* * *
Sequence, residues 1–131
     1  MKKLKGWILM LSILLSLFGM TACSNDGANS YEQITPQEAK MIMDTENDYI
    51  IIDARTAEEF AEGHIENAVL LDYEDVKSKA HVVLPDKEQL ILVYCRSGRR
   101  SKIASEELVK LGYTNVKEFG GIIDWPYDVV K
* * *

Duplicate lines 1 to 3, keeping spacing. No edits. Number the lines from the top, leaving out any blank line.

Sequence, residues 1–131
     1  MKKLKGWILM LSILLSLFGM TACSNDGANS YEQITPQEAK MIMDTENDYI
    51  IIDARTAEEF AEGHIENAVL LDYEDVKSKA HVVLPDKEQL ILVYCRSGRR